Tuesday, March 15, 2011

The Window of Cheer

You’ve gotta see my front window. We’ve been in this cool 1970s “split level” for three months now. Of its many funky features is the giant trapezoid shaped window in our living room. Pedestrians, neighbors, and drivers can’t miss the enormous glass panes across the top level of our home. When the living room is illuminated at night you can peer into our world. Along with the trapezoid shaped garage doors, these windows negate the need for us to pass out our address. When we give directions, we simply give the street number and a “look for the trapezoids…” It’s a can’t miss.

Though we frequently question the architect’s grey matter (read: “What were you thinking?”), the trapezoid window has quickly become meaningful. Without fail, if a young child in our house is awake and someone is heard starting up a car outside or pulling into the driveway, two little bodies race for the window to greet or send-off parents or visitors.

There is joy. No – elation is more like it. What is it about that window? Is it a window to the outside world, metaphorically speaking? (Okay, that was corny.) Why does a child seemingly consumed with his Buzz Lightyear doll just moments ago, drop everything to see faces outside that window?

But it has become not just their joy. It is now my joy. To them, I am a rock star! Not always of course. I’m still one of the two disciplinarians in the house. But they race across the wood floor (pitter-patter) to say hi. They hug with all their might. And of course, they race to the window.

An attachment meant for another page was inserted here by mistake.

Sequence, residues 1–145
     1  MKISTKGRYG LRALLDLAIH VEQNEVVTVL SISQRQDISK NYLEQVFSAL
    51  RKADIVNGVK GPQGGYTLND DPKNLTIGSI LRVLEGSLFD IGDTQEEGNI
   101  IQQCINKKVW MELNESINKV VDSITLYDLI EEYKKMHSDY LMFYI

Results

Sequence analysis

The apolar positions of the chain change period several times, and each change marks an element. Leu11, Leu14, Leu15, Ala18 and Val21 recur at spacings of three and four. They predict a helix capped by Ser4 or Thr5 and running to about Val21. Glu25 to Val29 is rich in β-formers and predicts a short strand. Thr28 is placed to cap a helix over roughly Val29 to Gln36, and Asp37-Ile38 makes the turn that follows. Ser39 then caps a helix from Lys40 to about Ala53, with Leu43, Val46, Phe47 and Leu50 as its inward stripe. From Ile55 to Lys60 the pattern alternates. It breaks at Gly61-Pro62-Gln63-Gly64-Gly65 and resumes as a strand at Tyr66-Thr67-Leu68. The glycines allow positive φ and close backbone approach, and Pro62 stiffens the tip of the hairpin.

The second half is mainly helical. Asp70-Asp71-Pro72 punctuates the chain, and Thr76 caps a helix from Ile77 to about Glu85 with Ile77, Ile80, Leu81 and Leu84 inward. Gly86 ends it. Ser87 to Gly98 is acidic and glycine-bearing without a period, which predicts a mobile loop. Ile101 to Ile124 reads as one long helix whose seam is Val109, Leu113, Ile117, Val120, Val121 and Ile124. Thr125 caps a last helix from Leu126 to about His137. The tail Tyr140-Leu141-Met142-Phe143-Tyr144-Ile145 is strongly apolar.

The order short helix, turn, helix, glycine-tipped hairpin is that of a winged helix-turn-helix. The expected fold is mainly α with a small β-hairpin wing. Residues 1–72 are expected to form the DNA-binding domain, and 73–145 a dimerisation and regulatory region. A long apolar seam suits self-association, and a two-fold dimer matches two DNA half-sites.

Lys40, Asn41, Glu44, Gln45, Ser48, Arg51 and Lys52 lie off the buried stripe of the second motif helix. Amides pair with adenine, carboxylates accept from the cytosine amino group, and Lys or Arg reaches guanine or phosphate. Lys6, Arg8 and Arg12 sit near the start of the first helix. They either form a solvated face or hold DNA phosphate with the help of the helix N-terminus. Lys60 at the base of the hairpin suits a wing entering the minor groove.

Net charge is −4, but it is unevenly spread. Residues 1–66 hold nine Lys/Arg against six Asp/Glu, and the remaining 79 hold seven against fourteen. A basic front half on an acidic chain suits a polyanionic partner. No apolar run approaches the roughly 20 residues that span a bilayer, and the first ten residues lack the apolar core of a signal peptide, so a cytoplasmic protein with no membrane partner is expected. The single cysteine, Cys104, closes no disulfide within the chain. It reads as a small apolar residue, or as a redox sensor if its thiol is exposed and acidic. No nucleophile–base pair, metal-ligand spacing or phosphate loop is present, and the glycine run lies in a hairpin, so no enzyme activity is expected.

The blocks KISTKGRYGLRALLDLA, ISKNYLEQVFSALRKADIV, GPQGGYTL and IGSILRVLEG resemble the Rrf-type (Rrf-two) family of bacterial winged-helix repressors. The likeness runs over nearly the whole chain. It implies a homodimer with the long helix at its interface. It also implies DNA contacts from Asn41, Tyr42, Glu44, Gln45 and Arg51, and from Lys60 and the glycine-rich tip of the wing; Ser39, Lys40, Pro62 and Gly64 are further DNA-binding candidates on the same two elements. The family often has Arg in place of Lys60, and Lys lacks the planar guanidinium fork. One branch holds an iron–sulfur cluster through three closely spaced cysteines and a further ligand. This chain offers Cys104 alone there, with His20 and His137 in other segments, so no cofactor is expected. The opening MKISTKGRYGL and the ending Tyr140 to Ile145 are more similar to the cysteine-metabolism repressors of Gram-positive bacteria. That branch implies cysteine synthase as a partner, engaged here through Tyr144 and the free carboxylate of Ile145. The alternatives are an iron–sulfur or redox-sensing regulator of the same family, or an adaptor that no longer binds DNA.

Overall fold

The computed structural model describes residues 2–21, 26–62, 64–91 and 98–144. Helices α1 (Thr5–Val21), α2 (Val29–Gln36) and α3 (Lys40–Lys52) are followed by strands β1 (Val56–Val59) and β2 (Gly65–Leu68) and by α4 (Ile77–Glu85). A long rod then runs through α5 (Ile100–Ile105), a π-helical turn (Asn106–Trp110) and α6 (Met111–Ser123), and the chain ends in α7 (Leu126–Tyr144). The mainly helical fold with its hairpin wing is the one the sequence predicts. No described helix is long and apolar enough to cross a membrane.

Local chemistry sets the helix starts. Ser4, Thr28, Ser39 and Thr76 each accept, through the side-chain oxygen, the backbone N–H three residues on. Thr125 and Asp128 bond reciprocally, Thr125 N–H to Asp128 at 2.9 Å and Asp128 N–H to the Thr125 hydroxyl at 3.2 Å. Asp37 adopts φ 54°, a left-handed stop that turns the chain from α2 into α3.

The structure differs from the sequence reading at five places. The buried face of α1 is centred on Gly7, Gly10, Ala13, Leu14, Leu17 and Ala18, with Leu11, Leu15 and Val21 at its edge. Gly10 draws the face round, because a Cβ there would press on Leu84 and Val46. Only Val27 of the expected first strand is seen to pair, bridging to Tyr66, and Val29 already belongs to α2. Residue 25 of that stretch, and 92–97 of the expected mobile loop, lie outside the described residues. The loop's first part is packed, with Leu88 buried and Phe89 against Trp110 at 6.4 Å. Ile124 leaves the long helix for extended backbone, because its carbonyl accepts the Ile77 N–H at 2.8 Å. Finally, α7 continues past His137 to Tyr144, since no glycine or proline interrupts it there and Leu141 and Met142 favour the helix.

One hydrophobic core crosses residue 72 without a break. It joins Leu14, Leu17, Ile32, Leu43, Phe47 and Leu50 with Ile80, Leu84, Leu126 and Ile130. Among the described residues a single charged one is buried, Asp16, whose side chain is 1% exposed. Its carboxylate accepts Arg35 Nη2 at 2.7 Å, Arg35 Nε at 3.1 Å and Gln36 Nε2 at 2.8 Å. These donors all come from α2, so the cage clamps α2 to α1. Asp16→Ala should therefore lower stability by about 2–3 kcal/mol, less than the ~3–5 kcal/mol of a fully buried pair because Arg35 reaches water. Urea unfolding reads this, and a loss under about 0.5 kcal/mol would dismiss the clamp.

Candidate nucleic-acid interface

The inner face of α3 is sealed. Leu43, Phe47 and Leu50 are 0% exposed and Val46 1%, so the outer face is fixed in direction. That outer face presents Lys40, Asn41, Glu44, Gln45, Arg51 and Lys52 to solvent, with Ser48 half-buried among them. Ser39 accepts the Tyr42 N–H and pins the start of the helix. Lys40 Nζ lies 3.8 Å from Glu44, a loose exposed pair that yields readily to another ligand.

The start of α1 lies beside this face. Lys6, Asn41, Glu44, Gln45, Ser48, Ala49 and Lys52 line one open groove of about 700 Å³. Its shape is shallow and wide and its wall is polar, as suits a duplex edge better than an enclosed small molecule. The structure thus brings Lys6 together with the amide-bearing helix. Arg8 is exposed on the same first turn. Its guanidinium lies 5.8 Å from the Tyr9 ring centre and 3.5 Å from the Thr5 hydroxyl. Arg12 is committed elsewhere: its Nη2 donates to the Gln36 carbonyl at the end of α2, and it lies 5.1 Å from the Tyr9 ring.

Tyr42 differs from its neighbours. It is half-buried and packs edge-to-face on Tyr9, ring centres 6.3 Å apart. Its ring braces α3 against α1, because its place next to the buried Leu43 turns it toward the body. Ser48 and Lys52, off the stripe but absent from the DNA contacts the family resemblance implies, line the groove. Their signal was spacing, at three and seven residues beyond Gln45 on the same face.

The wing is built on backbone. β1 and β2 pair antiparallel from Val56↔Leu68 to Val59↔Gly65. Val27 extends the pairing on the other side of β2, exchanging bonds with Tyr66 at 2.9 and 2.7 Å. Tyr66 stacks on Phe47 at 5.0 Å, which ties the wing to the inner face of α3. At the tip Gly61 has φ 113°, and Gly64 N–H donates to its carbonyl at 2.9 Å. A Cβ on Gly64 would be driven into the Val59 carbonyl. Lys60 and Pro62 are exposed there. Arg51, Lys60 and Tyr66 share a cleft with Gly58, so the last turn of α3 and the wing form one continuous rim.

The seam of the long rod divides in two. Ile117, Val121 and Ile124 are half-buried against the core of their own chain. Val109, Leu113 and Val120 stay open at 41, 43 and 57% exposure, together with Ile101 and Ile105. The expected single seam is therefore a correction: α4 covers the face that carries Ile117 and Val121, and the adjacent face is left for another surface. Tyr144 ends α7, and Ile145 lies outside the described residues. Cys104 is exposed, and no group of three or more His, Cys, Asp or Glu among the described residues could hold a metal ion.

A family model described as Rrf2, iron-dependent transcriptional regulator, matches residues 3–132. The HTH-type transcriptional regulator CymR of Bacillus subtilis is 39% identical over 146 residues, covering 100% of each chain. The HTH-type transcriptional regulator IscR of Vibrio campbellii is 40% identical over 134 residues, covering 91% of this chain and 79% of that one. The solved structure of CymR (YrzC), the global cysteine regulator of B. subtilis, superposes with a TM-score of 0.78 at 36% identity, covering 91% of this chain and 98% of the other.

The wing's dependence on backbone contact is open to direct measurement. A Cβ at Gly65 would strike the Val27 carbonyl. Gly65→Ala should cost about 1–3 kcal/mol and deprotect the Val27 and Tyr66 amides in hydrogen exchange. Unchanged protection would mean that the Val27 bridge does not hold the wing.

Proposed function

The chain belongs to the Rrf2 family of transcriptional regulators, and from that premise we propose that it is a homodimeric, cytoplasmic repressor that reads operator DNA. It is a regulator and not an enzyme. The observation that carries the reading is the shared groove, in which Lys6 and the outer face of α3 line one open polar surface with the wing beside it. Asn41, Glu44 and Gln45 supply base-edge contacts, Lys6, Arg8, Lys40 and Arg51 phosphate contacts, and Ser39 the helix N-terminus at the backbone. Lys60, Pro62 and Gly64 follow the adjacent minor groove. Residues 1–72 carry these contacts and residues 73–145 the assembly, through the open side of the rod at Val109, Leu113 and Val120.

In just a few years those faces won’t be glued to that window. They’ll have other things more stimulating to consume them. But I’m gonna take it and drink it in for now. Just this morning one was in diapers and the other in her favorite squirrel outfit. Both with hair reaching to the sky indicating a good night of sleep. They’re the same height. Their little bodies crowded next to each other hoping against all hope that I would see them as I pulled out of the driveway. Yearning to make eye contact, acknowledge them, and wave. When our eyes met they jumped up and down and waved their arms with unbridled enthusiasm. Had I replicated their exuberance, I would’ve pulled a shoulder muscle.

Thank you, God, for little kids! Give me their energy, joy, passion, and faith. And help me to hold on to these days forever.

1 comment:

karen said...

My comment is that I am speechless -- you put it so very well, as usual. I just shake my head and sigh and say, "Oh, that is so true."